The strategy also explores many options for rationalising the organisational structure at Middleton, which include the possibility of entering into a management contract with a private sector partner that would be responsible for the garden’s commercial operations. A commercially based operator might bring better prospects of increasing income from visitors—it could hardly do worse. However, there is no escaping the fact that organisational change will not in itself resolve the immediate and pressing debt situation, which is currently in the region of £2.8 million.
On marketing, the revised proposals are in some ways more realistic in terms of broadening the target market for Middleton, but an effective marketing campaign would have a significant cost attached to it. The Welsh Assembly Government has already provided over £300,000 to support dedicated marketing staff and marketing activities over the past 15 months and, despite this additional money from public funds, visitor numbers have continued to decline. The trustees have acknowledged that during this time they failed to target new markets or to work effectively in partnership with other agencies. Therefore, it is difficult to see how the additional public funding proposed in the strategy would have a more positive impact on visitor numbers in the future.
To develop the product, the trustees have proposed a £3 million capital investment programme. They forecast that this investment would lead to an increase in visitor numbers from the current 120,000 a year to 233,000 by 2008-09. However, this is at odds with the previous business plan, in which it was argued that a capital investment programme of £8 million would be needed to generate these visitor numbers. Both plans are based on the garden’s own research and, given the widely different scale of the proposed investments, I remain to be convinced that the reduced level of investment that is proposed in the recovery strategy will deliver the planned increase in visitor numbers.
In terms of developing new partnerships and undertaking capital investment, the trustees have predicated the recovery strategy on the disposal of land and a number of buildings that they own as a charitable trust. If they were able to do this—and it is a big ‘if’—and if they could arrest the decline in visitor numbers, they might be in a position to clear some of the debts that are currently pressing for payment. However, this would not be a straightforward process, and it would require a number of agreements and permissions, including planning approvals. It is by no means certain that the trustees would be able to secure these approvals or realise the sums that are suggested in the recovery strategy. There is also a timing issue about securing financial support in the interim period, and I understand that the banks have ruled out increasing the trust’s overdraft limit.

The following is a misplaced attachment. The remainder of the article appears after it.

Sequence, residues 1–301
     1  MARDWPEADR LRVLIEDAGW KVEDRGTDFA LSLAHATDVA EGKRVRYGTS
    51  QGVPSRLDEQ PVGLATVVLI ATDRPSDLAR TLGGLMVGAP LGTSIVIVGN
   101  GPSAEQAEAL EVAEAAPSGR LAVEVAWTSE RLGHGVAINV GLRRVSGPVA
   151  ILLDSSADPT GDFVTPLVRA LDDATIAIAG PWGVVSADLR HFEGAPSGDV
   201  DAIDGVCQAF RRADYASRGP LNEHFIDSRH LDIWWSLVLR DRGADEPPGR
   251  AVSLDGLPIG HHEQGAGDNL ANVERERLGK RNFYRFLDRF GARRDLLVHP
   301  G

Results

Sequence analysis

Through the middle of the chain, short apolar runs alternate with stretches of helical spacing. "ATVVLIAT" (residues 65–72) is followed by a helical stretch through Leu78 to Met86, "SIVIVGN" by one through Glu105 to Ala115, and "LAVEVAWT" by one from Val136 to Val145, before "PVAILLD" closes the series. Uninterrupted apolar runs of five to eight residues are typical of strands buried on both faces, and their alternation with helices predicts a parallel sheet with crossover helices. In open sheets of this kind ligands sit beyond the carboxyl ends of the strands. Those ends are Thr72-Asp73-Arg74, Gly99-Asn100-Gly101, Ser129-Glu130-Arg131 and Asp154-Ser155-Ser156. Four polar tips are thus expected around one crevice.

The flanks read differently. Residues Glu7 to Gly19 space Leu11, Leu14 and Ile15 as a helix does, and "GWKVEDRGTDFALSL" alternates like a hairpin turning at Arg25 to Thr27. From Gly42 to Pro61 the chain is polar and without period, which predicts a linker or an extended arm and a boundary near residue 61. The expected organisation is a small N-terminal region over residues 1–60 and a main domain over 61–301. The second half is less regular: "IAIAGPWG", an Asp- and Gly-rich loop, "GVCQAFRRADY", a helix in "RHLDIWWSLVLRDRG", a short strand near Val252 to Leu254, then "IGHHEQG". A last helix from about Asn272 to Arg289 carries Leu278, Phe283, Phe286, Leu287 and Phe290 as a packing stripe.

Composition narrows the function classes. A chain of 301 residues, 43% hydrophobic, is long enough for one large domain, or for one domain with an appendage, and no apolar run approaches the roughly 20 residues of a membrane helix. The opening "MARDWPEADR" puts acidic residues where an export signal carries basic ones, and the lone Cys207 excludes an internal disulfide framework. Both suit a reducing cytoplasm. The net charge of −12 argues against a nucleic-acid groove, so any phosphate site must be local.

We have listened to the trustees and given their proposals careful consideration, but, for the reasons that I have outlined today, the Welsh Assembly Government has decided not to provide the cash guarantees that the trustees have requested. I have written today to the chair of the board of trustees, informing him of this outcome and explaining the reasons for our decision in detail. In view of the widespread interest of Members in this matter I have placed a copy of my letter in the Assembly Library. This will be disappointing news for the trustees, but I must make clear the Assembly Government’s continuing commitment to helping secure the long-term future of the garden as a quality attraction that will draw visitors to the area and generate employment. Several potential investors have already expressed interest, and we stand ready, with our public sector partners, to work with any organisation that has viable proposals for the garden.